In a somewhat unrelated note, yesterday I poured the 2008 Langhe Nebbiolo by Produttori del Barbaresco in a tasting in Austin. Man, it’s light and bright and showing great right now, better than when it first came into the market. A tough vintage in Piedmont but great for entry-level wines like this, where some of the better fruit ended up in the front-line wines.

And in a totally unrelated note, in the light of Aldo’s love of Neil Young, we’re trying to get him out to San Diego on July 8 to sit in with The Grapes.

In other news…

I highly recommend my good friend Thor’s excellent post over at the 32 Days of Natural Wine on the natural wine scene in Paris. I really love his writing and I especially appreciated his hypercorrective neolgism oenopiphany. After all, there are men who know what the word epistemology means without having to look it up in a dictionary and there are others who have to go to Brooks Brothers to find out.

In other other news…

For the wine geeks out there and anyone else who wants to wrap her or his mind around what sulfur, sulfites, and SO2 have to do with wine, I highly recommend this post on the use of sulfur in wine by bonvivant Bruce Neyers, a man who needs no introduction to the oeno-initiated.

Buona lettura e buon weekend, ya’ll!

Happy birthday Giorgio Grai!

Above: Legendary and most beloved Italian winemaker Giorgio Grai turns 80 today. Photo by Franco Ziliani.

From Friuli to Trentino, from Piedmont to Tuscany, and even as far south as Apulia, there is perhaps no one more respected and beloved by Italian winemakers than Giorgio Grai, who turns 80 years old today.

Check out what Mr. Franco Ziliani had to say about Giorgio in this post over at VinoWire today.

I only met Giorgio once, introduced to him by my good friend Charles Scicolone, many years ago in the library at the old Le Cirque in the Palace Hotel in Manhattan. Before introducing me, Charles, who seemingly knows everyone in the business, turned to Giorgio and said famously, “It’s always a pleasure.”

If traditional Italian food can do it, why can’t traditional Italian wine?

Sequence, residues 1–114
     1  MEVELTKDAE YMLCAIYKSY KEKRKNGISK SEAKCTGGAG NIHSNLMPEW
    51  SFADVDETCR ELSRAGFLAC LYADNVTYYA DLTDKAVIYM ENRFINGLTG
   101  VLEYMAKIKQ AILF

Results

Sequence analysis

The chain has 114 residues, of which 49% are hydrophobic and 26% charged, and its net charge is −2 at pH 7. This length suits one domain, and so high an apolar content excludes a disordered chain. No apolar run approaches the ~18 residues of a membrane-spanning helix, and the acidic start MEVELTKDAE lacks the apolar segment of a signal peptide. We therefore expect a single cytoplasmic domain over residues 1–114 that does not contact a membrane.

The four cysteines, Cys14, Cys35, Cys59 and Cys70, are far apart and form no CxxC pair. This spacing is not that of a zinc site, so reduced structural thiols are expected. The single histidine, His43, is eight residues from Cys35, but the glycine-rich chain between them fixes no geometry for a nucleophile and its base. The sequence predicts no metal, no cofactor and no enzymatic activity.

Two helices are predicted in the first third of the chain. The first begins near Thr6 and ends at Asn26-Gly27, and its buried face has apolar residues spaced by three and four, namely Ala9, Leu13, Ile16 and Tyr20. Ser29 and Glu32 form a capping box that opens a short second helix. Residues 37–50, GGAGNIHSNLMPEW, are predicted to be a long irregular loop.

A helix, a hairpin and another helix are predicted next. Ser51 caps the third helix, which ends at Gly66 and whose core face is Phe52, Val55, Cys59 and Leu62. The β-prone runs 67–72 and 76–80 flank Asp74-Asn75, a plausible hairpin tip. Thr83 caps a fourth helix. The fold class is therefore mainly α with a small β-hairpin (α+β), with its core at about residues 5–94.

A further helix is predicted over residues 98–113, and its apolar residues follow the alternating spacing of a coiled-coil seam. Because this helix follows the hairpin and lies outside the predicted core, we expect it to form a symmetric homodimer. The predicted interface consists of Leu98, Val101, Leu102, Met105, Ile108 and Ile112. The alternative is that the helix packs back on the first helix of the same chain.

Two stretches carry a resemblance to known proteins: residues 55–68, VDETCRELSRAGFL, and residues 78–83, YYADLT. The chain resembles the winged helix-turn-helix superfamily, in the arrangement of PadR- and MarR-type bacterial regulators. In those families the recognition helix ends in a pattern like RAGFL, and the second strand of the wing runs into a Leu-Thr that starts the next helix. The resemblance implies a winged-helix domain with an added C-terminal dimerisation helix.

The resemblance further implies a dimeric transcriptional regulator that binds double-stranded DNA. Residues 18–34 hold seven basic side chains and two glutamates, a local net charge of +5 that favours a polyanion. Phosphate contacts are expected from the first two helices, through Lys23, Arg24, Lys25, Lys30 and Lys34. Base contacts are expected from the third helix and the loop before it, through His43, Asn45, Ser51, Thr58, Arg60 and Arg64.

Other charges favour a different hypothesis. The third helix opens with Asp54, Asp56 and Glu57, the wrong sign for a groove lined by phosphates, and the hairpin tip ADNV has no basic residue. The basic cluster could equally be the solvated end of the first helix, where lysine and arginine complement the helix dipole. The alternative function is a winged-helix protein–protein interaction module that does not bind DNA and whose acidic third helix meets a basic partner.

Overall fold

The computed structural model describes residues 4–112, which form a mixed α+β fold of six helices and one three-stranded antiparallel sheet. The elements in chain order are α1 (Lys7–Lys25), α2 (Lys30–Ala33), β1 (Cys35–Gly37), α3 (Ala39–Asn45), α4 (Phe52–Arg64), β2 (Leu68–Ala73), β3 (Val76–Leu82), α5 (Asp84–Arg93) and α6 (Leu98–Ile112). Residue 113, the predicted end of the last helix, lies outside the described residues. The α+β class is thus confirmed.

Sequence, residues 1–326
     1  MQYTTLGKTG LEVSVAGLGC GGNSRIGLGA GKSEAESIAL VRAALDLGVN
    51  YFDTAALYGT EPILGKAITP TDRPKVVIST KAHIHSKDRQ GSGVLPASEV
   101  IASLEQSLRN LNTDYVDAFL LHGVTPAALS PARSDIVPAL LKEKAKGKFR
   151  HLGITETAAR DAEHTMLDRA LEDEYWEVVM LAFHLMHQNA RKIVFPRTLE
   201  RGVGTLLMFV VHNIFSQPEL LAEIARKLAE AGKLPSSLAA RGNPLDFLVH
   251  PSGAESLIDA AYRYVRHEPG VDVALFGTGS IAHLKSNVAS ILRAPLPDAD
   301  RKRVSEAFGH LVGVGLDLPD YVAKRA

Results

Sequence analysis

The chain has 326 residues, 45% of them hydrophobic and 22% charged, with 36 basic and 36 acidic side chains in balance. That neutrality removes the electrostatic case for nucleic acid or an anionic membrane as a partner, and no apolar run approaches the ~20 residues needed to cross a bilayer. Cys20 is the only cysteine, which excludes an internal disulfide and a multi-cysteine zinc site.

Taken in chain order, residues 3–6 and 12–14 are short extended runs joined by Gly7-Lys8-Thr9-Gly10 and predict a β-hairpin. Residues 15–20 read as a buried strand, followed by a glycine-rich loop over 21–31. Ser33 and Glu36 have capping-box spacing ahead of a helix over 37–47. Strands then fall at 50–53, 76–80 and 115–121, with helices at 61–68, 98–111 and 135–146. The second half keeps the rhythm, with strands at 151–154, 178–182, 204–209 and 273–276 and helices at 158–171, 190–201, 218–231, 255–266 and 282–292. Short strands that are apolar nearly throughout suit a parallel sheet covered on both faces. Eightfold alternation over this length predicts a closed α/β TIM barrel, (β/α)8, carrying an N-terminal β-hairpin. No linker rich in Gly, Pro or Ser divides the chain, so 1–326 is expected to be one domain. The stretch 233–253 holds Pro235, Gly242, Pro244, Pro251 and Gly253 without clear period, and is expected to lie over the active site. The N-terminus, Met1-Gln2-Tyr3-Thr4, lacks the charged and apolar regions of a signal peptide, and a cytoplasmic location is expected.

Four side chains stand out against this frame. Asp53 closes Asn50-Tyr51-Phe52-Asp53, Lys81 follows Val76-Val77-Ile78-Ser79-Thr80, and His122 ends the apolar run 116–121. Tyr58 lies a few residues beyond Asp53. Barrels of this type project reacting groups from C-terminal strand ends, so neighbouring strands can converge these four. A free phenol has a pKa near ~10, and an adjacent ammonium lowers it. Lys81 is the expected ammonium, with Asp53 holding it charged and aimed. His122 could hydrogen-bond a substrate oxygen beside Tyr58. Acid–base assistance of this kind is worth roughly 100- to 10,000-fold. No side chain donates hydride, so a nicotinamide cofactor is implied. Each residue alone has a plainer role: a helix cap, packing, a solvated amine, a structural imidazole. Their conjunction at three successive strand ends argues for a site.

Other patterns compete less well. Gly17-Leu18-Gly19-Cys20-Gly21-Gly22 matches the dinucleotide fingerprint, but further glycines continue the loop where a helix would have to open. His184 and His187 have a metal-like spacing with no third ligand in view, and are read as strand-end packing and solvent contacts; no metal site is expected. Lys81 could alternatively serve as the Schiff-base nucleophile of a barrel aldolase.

Above, from left: Professor Vincenzo Gerbi (enologist, U. of Turin), me, winemaker Michele Chiarlo, and unidentified woman, March 9, 2010, Tuesday morning in Canelli. Alfonso provided a caption and thought bubbles for the photograph, which he lifted from the Barbera Meeting Flickr feed. Alfonso’s captions are humorous, of course, but the tension was as thick as Australian Shiraz with added tannin extract. It’s never an easy to task to interpret in those situations. I was using a technique called chuchotage or whispered translation, where I would whisper translations of the questions into Professor Gerbi’s ear. Then I used consecutive translation to translate his answers. Ne nuntium necare!

The events of Tuesday, March 9, 2010, at the Barbera conference in Canelli and the heated debate that ensued have been the subject of much discussion. Perhaps the best account of the ideological arm wresting was rendered by fellow member of the Barbera 7 Cory here. (Leading Italian wine writer Franco Ziliani had high praise for Cory’s observations. And fellow Barbera 7 member Fredric chronicled the excellent luncheon here.)

Here’s what Cory had to say:

    The first event was a presentation on new research being done on pruning by a group funded by some of the bigger names that produce barbera. For those of you don’t know much about the farming of wine (i’m no expert myself) the way vines are pruned are central to the way grapes ripen, how much they produce, and how the wine comes out. Traditionally barbera has been pruned using the guyot system, (which i won’t get into in detail here). The research being done is on the spur cordon system. It’s one of those things that sounds innocuous to the outsider, but the effects on the wine were profound.

    We were told about the effects of the pruning on the acids, the tannins, the color of the wine.

    It was around this point that things began to become heated.
    Questions were asked as to why this was necessary. Do you really need to keep messing with the grape? Why would you need to control the acid in barbera?

    Isn’t acid essential to barbera?

    The answer we got was that they were making barbera… important.

Read the entire post here.

Above: During the morning and afternoon sessions, my good friend and blogger colleague Charles Scicolone challenged the winemakers directly, asking “Why don’t you make the same great, food-friendly wines you made 20 years ago?”